What’s your pet value? The reality about cats and dogs


Jason Murphy* says latest data is pointing to a species preference when it come to caring for pets.


Will we love our dogs greater than we love our cats? That’s the hint** given by the newest data from Finder.

The comparison website ran an enormous survey of 451 dog owners and 314 cat owners in May this yr and, in case you’re a cat, it’s best to probably stop reading because what follows is bad news.

The survey asked the next query: “In case your pet was sick or injured, how much would you pay before considering putting it down?“

Canine owners could find more within the kitty than cat owners: Aussies would pay a mean of $5,137 to save lots of their dog, but only $3,324 on average to save lots of their cat, the survey showed.

The high cost of a furry friend

Those are big numbers, however the amounts pet owners would part with under the emotional strain of a life-and-death situation would surely be even higher than they reported within the cool, rational scenario of responding to a survey.

Vet bills might be high, and who can say no?

In any case, 63 per cent of dog owners consider their pet a part of the family, in accordance with a survey by Animal Medicines Australia (the figure for cat owners was 60 per cent – yet more evidence our feline friends is probably not quite so beloved as their canine competitors).

Vet expenditure in Australia was estimated at greater than $2.6 billion in 2019.

There’s nothing like going to the vet to make you appreciate just how much Medicare and the pharmaceutical advantages scheme do to make medical care cheaper for people.

“Something so simple as your pet eating something they shouldn’t can cost you upwards of $1,300,” Finder insurance guru Gary Hunter said.

“That’s why pet insurance is so vital.

“A comprehensive policy could possibly be your saving grace from having to make a choice from your savings and your furry friend if the worst happens.”

Finding the suitable pet insurance policy

Selecting correctly is important within the pet insurance business.

Policies are rife with exclusions.

Back in 2019, consumer group CHOICE handed out considered one of its “Shonky Awards” to the entire industry.

Things have improved since but there are still traps for the unwary: chronic and pre-existing conditions aren’t covered unless cured.

“Some policies have conditions where they’ll pay, for instance, 100 per cent of the claim when your pet is young – normally so long as they’re aged below eight – but, with some policies and dog breeds, it could actually be as young as three,” CHOICE said.

“But as your pet ages, this payment can drop to, say, 80 per cent, and also you’ll must foot the remaining of the bill.

“This isn’t helpful when you concentrate on that your pet is more likely to need more vet care as they get older.”

What’s more, pet insurance will cost lots more in case your dog is a breed susceptible to health problems.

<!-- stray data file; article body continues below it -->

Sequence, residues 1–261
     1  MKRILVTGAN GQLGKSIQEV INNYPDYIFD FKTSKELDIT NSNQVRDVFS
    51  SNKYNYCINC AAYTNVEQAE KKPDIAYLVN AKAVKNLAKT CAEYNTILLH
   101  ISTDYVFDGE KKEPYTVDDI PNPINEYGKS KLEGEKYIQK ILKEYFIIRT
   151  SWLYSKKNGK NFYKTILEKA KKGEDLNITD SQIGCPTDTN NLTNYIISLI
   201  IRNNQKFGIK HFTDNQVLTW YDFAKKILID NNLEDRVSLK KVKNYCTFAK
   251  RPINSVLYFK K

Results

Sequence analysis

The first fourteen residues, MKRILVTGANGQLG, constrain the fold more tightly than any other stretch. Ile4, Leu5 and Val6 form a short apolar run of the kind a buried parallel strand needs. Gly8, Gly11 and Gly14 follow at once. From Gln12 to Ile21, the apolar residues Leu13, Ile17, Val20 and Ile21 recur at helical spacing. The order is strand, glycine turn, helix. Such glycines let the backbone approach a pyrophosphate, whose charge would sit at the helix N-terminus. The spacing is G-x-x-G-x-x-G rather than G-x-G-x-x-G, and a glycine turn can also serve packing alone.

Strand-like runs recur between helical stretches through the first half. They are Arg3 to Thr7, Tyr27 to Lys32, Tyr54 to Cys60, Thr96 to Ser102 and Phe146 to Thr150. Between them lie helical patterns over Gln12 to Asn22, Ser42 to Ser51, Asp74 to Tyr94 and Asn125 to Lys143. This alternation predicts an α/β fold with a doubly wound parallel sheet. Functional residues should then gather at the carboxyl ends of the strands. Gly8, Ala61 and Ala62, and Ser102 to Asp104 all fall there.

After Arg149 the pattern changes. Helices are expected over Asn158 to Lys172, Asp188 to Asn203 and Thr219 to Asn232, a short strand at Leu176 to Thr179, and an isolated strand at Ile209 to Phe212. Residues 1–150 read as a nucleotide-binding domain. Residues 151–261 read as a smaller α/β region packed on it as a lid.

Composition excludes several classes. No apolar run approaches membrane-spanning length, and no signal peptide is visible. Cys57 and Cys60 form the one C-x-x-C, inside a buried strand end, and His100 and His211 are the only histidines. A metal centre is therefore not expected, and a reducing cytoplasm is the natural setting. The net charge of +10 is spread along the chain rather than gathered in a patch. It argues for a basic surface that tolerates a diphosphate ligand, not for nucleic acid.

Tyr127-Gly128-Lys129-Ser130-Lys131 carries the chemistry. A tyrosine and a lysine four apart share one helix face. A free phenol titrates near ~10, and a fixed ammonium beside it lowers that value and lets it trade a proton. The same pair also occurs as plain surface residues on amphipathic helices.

The RSPCA warned dog buyers concerning the risks of shopping for a pet with “exaggerated features” like short legs or a squashed-in face.

Buyers who go ahead and buy one anyway are more likely to be slugged with much higher premiums.

A fast comparison of canopy through a significant insurance brand showed basic cover for a French bulldog can be $813 a yr, while a kelpie would cost $392.

A ragdoll cat, meanwhile, would cost $259 a yr.

That’s one reason to like a cat more.

Pet ownership in Australia

It will not be known exactly what number of dogs and cats there are in Australia – pets weren’t counted within the national census run last yr – but a survey by Animal Medicines Australia in early 2021 estimated 69 per cent of households had a pet.

Around 47 per cent owned a dog (Labrador is the preferred breed) and 30 per cent owned a cat (ragdoll is the preferred pure breed).

Cat owners were more more likely to own multiple pets than dog owners.

During COVID, pet-ownership rates skyrocketed.

Kilos were emptied out and the value of purebreds went through the roof, with an estimated 1 million more dogs brought into Australian homes.

That’s a variety of love, and a variety of individuals who might want pet insurance.

Victoria has realised it needs up-to-date data on just what number of pets are on the market.

The state Budget put aside $610,000 for a correct pet census in 2022/23.

“The pet census will help us ensure we’re best supporting our furry friends and their owners with the services they need,” Victorian Agriculture Minister Mary-Anne Thomas said.

**In fact, the numbers may not speak only concerning the pure love elicited by a pair of puppy dog eyes.

Cat owners could also be more more likely to live in apartments, while dog owners could also be more more likely to live in larger homes.

And ownership rates may themselves be correlated with financial well-being, so a few of the difference revealed within the survey could also be related to household budgets.


*Jason Murphy, is a contract economics author.

This text first appeared at au.finance.yahoo.com